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Transcript
48550 Electrical Energy Technology
Switched Reluctance Motor
1. Introduction
The reluctance motor is an electric motor in which torque is produced by the tendency
of its moveable part to move to a position where the inductance of the excited
winding is maximized. The origin of the reluctance motor can be traced back to 1842,
but the “reinvention” has been possibly due to the advent of inexpensive, high-power
switching devices.
The reluctance motor is a type of synchronous machine. It has wound field coils of a
DC motor for its stator windings and has no coils or magnets on its rotor. Fig.1 shows
its typical structure. It can be seen that both the stator and rotor have salient poles;
hence, the machine is a doubly salient machine.
Fig.1 Switched reluctance motor configurations
The rotor is aligned whenever the diametrically opposite stator poles are excited. In a
magnetic circuit, the rotating part prefers to come to the minimum reluctance position
at the instance of excitation. While two rotor poles are aligned to the two stator poles,
another set of rotor poles is out of alignment with respect to a different set of stator
poles. Then, this set of stator poles is excited to bring the rotor poles into alignment.
This elementary operation can be explained by Fig.2. In the figure, consider that the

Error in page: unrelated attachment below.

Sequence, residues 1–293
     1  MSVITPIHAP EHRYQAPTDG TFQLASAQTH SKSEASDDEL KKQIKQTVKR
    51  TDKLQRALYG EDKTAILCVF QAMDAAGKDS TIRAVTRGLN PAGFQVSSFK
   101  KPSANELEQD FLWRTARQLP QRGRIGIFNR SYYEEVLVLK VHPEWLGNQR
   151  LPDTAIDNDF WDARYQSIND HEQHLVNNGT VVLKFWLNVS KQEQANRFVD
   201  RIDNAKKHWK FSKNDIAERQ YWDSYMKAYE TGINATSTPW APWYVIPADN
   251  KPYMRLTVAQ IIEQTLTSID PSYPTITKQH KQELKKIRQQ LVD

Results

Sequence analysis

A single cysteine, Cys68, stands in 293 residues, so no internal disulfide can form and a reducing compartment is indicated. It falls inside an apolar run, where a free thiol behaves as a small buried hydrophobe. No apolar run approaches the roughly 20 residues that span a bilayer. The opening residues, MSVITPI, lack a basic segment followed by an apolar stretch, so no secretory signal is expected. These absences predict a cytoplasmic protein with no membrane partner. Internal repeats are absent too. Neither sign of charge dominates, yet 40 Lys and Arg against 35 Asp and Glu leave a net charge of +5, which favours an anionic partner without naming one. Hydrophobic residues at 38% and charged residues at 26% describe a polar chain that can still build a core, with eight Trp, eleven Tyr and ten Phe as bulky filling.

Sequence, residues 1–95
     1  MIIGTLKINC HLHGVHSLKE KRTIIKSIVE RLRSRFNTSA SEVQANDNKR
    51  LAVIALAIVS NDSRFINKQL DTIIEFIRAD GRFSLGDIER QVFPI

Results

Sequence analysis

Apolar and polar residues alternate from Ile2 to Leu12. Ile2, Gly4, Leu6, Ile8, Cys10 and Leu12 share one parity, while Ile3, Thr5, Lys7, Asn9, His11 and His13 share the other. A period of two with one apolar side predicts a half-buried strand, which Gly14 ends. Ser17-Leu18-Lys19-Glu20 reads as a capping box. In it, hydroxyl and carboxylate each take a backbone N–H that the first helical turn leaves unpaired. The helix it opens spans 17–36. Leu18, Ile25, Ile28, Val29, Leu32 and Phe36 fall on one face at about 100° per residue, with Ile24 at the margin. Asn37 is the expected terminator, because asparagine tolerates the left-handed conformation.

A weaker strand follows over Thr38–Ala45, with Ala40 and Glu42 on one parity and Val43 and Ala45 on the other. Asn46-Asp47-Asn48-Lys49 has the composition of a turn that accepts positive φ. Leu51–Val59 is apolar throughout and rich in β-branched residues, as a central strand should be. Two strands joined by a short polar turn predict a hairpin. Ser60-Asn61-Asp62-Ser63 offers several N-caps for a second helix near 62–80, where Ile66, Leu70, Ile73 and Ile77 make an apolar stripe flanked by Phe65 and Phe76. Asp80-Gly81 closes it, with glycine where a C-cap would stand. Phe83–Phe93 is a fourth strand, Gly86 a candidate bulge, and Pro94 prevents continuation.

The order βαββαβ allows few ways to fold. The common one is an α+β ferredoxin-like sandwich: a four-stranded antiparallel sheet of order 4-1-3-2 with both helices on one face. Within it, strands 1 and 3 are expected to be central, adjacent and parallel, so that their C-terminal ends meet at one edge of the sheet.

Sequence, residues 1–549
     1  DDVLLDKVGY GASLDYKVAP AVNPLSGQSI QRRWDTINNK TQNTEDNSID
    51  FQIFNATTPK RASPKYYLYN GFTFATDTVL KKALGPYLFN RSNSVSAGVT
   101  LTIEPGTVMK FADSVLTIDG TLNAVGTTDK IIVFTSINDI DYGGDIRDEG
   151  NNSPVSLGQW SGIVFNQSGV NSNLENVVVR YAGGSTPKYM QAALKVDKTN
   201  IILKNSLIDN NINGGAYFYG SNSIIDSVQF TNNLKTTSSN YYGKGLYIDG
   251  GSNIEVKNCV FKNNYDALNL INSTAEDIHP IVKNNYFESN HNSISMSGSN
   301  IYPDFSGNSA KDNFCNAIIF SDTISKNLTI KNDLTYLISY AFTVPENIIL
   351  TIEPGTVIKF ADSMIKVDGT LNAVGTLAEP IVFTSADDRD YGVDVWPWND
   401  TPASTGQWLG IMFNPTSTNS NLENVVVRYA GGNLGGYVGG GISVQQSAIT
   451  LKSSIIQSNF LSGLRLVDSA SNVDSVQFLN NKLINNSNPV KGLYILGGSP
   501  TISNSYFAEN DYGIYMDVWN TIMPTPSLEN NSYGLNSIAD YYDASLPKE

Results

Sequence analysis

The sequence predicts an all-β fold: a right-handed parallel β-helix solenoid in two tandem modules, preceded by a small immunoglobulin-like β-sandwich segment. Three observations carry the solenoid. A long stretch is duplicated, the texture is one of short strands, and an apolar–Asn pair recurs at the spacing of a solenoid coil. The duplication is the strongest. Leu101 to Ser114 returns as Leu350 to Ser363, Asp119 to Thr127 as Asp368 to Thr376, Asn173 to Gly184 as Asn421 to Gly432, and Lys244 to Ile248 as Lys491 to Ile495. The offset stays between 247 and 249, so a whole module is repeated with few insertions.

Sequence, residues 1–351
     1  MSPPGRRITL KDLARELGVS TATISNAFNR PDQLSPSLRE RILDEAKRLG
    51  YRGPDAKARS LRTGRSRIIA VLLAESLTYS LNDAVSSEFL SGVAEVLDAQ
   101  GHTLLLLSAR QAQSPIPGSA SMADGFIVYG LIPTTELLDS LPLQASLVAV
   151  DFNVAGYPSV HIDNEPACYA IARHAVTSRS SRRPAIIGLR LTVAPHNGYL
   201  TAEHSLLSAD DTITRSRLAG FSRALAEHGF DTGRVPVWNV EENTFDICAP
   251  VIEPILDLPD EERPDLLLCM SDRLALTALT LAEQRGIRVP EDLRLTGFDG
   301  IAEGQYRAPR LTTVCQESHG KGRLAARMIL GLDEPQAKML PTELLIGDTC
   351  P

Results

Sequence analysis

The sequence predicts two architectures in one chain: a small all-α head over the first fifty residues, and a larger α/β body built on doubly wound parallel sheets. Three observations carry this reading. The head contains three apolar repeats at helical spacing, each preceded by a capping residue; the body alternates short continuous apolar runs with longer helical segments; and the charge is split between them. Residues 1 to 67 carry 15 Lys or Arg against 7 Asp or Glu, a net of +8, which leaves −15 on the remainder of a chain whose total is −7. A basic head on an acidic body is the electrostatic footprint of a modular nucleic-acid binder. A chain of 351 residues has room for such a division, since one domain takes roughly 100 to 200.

rotor poles r1 and r1′ and stator poles c and c′ are aligned. Apply a current to phase a
with the current direction as shown in Fig.2a. A flux is established through stator
poles a and a′ and rotor poles r2 and r2′ which tends to pull the rotor poles r2 and r2′
toward the stator poles a and a′, respectively. When they are aligned, the stator current
of phase a is turned off and the corresponding situation is shown in Fig.2b. Now the
stator winding b is excited, pulling r1 and r1′ toward b and b′, respectively, in a
clockwise direction. Likewise, energizing phase c winding results in the alignment of
r2 and r2′ with c and c′, respectively. Accordingly, by switching the stator currents in
such a sequence, the rotor is rotated. Similarly, the switching of current in the
sequence of acb will result in the reversal of rotor rotation. Since the movement of the
rotor, hence the production of torque and power, involves a switching of currents into
stator windings when there is a variation of reluctance, this variable speed motor is
referred to as a switched reluctance motor (SRM).
Fig.2 Operation of switched reluctance motor
(a) Phase c aligned and (b) Phase a aligned
2. SRM Configurations
Switched reluctance motors can be classified as shown in Fig.3. The initial
classification is made on the basis of the nature of the motion (i.e., rotating or linear).
Fig.3 Classification of SRM
2.1 Rotary SRM